Dothan City Schools

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The Wiregrass Foundation is donating up to $1.3 million to Dothan City Schools to sustain its instructional units through the next academic year.

The donation will cover the possible loss of state funding due to losing 333 students in enrollment from the 2018-2019 school year to the 2019-2020 school year after the system underwent major restructuring changes.

“We felt like there were so many changes. There were big changes, and they needed more than one year to show that it’s working,” Wiregrass Foundation Executive Director Barbara Alford said. “This is for the teachers in the trenches who are already working hard to make those things happen.”

The Dothan City School system has struggled for years with losses in student enrollment, which directly affects the level of funding it receives from the state. After a massive restructuring effort that combined several schools, the school system experienced its biggest year-to-year loss yet of 333 students.

“I think some families wanted to be a little more certain of what was happening before keeping their children in the public schools,” Alford said.

Central office officials estimated the loss in student enrollment could lose the district state foundation funding for up to 20 instructional units.

“We wanted the teachers to be able to focus on the positive without a threat hanging over them, not knowing whether those things would stay in place,” Alford said.

Superintendent Phyllis Edwards discussed the reported potential loss of revenue with the charity that has already partnered with the school system to bring programs into two of its elementary schools: Selma Street and Highlands.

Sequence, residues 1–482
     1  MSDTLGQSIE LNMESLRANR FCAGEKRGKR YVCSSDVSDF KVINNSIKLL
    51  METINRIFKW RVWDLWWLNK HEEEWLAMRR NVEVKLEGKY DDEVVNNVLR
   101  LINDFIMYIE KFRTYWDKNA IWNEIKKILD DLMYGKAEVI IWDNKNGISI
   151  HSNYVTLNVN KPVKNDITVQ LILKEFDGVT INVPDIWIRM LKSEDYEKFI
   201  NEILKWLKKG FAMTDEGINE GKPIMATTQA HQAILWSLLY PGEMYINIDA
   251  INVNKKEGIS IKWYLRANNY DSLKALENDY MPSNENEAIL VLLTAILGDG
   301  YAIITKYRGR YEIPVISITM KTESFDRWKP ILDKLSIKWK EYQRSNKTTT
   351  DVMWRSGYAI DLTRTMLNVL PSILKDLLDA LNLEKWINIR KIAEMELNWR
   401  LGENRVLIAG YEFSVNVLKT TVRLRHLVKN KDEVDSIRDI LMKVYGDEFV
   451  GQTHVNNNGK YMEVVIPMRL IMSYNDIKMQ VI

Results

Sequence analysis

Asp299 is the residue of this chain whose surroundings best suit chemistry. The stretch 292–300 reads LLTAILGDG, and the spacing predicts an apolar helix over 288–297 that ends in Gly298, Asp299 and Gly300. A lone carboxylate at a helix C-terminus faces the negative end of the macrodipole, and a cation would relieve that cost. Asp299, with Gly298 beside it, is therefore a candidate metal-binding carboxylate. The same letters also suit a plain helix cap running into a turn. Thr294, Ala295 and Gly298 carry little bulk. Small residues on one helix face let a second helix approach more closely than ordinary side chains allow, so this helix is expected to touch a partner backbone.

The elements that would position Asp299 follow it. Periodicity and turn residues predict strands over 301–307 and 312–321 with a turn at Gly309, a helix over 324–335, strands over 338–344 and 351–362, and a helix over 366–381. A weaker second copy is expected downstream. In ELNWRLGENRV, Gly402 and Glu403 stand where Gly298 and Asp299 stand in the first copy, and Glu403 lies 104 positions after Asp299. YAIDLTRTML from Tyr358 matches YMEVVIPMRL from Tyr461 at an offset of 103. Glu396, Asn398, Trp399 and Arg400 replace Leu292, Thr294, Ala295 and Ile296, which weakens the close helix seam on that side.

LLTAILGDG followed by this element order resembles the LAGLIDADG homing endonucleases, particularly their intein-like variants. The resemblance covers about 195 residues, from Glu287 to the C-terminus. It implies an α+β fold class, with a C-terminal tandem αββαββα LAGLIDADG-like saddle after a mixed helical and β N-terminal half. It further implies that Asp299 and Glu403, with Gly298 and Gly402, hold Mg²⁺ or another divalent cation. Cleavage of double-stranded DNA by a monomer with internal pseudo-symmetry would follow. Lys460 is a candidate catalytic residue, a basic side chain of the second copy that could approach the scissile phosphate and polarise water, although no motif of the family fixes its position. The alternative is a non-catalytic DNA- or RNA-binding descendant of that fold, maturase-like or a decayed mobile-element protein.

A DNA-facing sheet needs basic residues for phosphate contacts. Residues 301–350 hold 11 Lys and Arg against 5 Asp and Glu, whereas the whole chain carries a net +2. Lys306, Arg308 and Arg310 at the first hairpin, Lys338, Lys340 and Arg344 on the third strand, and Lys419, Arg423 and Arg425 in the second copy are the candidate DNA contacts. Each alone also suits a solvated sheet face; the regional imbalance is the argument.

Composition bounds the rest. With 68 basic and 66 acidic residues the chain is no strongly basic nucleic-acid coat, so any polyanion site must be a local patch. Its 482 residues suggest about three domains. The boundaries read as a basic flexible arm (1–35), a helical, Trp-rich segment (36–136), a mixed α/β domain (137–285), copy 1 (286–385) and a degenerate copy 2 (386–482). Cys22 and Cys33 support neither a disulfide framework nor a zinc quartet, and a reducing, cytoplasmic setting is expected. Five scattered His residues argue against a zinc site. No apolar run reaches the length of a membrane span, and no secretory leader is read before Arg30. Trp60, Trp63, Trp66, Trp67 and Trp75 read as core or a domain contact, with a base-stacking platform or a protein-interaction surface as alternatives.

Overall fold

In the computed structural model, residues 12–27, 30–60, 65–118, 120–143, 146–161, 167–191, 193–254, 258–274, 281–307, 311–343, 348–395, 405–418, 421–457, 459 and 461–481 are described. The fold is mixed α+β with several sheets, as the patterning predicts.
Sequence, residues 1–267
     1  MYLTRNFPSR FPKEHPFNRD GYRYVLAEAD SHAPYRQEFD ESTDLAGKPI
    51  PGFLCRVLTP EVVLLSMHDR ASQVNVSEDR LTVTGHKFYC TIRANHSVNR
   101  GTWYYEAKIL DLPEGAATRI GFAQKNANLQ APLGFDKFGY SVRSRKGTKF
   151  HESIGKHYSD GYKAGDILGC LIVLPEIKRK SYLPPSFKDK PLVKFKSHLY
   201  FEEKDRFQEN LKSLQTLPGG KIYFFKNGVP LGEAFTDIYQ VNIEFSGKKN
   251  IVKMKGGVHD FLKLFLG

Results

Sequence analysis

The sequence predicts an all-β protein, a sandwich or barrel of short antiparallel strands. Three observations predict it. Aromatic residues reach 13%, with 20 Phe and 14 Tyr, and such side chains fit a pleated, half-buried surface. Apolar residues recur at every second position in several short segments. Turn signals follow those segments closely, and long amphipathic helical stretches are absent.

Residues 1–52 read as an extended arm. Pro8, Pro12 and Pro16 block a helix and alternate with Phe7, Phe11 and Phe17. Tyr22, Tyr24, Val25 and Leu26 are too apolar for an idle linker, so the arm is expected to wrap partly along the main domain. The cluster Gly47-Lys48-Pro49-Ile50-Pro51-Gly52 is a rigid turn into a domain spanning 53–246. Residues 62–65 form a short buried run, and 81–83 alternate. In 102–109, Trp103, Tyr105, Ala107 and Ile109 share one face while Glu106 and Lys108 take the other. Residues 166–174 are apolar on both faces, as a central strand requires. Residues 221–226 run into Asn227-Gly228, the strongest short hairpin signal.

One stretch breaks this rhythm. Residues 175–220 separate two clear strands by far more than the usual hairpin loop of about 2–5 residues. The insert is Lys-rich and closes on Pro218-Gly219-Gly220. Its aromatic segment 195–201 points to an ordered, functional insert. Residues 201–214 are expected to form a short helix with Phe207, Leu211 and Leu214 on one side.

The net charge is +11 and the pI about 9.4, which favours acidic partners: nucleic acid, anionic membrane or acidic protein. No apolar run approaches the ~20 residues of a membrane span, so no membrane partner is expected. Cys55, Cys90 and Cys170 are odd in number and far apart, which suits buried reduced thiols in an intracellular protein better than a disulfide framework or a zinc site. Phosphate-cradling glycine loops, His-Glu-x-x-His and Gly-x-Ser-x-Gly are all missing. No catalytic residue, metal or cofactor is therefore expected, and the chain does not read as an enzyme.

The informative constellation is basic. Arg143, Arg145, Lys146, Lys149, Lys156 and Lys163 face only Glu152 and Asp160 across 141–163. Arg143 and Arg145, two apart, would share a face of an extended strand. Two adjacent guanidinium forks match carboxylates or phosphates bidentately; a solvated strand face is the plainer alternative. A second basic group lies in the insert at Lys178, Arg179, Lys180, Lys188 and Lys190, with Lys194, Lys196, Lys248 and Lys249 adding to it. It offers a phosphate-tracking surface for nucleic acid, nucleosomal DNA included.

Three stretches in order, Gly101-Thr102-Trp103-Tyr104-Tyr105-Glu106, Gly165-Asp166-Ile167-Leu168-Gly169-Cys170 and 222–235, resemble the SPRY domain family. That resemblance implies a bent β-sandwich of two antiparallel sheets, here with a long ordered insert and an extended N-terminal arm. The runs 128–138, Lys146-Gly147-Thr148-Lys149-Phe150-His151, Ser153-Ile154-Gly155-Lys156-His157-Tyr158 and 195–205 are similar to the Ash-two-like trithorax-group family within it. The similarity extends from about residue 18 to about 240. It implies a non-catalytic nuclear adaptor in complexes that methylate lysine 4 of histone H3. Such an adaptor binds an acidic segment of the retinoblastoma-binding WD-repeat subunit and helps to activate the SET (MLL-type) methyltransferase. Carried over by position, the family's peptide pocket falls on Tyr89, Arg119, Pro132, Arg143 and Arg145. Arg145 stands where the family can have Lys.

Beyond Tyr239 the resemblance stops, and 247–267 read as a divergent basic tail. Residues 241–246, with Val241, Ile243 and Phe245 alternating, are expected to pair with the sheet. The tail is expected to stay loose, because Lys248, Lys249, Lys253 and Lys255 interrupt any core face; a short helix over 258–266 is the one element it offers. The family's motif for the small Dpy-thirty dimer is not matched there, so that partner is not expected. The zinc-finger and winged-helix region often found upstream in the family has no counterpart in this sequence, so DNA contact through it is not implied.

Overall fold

Alford said she had seen improvement among students in the programs, and school officials reported improvement in academic achievement and family engagement. However, the rapid spread of COVID-19 caused schools to be unable to implement standardized testing to track measurable gains.

Edwards made a presentation about to the foundation’s board, who unanimously approved her request.

“Dothan City Schools is very thankful and grateful for the partnership with the Wiregrass Foundation,” Edwards said, “the support of these committed Dothan residents, who just want to see DCS be successful in educating our young residents, is paramount.”

The Dothan City School Board unanimously approved the gift at its school board meeting, conducted via Zoom, on Monday.

Board Member Chris Maddox acknowledged that the board does not usually approve large sums as gifts for recurring expenses, such as salaries, but the restructuring of the school systems and the expected loss in sales tax revenue due to COVID-19’s local impact present extraordinary circumstances.

The donation will allow the school system to continue its level of instructional funding with locally-funded units and give the system more time to draw students back to the district.

“These are very challenging times for the Wiregrass community,” Alford said in a letter to the school board. “The coronavirus is reminding us all of the importance of family, our love for our children, and our dependence on those who prepare them for the future.”

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